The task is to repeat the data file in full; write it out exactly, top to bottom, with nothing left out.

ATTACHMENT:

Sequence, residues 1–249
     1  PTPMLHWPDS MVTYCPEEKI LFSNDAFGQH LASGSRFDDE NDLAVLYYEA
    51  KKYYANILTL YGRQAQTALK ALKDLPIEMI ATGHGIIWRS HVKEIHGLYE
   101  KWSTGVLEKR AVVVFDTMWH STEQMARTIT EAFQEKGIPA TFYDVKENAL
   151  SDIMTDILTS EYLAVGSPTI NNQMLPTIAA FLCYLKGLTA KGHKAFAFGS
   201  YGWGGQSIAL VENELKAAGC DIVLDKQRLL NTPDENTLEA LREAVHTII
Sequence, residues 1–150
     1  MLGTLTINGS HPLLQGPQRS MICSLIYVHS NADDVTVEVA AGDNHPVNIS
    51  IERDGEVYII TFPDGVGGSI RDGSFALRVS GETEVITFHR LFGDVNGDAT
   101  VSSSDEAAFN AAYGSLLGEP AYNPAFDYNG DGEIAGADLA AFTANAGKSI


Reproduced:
Sequence, residues 1–249
     1  PTPMLHWPDS MVTYCPEEKI LFSNDAFGQH LASGSRFDDE NDLAVLYYEA
    51  KKYYANILTL YGRQAQTALK ALKDLPIEMI ATGHGIIWRS HVKEIHGLYE
   101  KWSTGVLEKR AVVVFDTMWH STEQMARTIT EAFQEKGIPA TFYDVKENAL
   151  SDIMTDILTS EYLAVGSPTI NNQMLPTIAA FLCYLKGLTA KGHKAFAFGS
   201  YGWGGQSIAL VENELKAAGC DIVLDKQRLL NTPDENTLEA LREAVHTII
Sequence, residues 1–150
     1  MLGTLTINGS HPLLQGPQRS MICSLIYVHS NADDVTVEVA AGDNHPVNIS
    51  IERDGEVYII TFPDGVGGSI RDGSFALRVS GETEVITFHR LFGDVNGDAT
   101  VSSSDEAAFN AAYGSLLGEP AYNPAFDYNG DGEIAGADLA AFTANAGKSI